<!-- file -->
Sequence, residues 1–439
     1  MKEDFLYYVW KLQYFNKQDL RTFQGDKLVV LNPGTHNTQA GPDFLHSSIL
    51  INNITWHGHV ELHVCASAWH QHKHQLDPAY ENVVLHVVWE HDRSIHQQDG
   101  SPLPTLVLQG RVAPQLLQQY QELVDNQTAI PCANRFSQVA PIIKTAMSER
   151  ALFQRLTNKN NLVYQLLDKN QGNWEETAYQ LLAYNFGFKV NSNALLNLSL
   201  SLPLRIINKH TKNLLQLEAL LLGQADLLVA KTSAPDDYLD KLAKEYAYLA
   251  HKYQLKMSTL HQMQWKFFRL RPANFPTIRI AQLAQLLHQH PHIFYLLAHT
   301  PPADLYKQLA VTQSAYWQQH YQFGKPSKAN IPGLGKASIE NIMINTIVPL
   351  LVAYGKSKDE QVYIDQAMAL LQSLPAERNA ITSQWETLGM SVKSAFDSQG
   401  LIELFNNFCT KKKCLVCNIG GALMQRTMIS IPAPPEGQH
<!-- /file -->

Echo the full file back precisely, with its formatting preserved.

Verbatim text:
Sequence, residues 1–439
     1  MKEDFLYYVW KLQYFNKQDL RTFQGDKLVV LNPGTHNTQA GPDFLHSSIL
    51  INNITWHGHV ELHVCASAWH QHKHQLDPAY ENVVLHVVWE HDRSIHQQDG
   101  SPLPTLVLQG RVAPQLLQQY QELVDNQTAI PCANRFSQVA PIIKTAMSER
   151  ALFQRLTNKN NLVYQLLDKN QGNWEETAYQ LLAYNFGFKV NSNALLNLSL
   201  SLPLRIINKH TKNLLQLEAL LLGQADLLVA KTSAPDDYLD KLAKEYAYLA
   251  HKYQLKMSTL HQMQWKFFRL RPANFPTIRI AQLAQLLHQH PHIFYLLAHT
   301  PPADLYKQLA VTQSAYWQQH YQFGKPSKAN IPGLGKASIE NIMINTIVPL
   351  LVAYGKSKDE QVYIDQAMAL LQSLPAERNA ITSQWETLGM SVKSAFDSQG
   401  LIELFNNFCT KKKCLVCNIG GALMQRTMIS IPAPPEGQH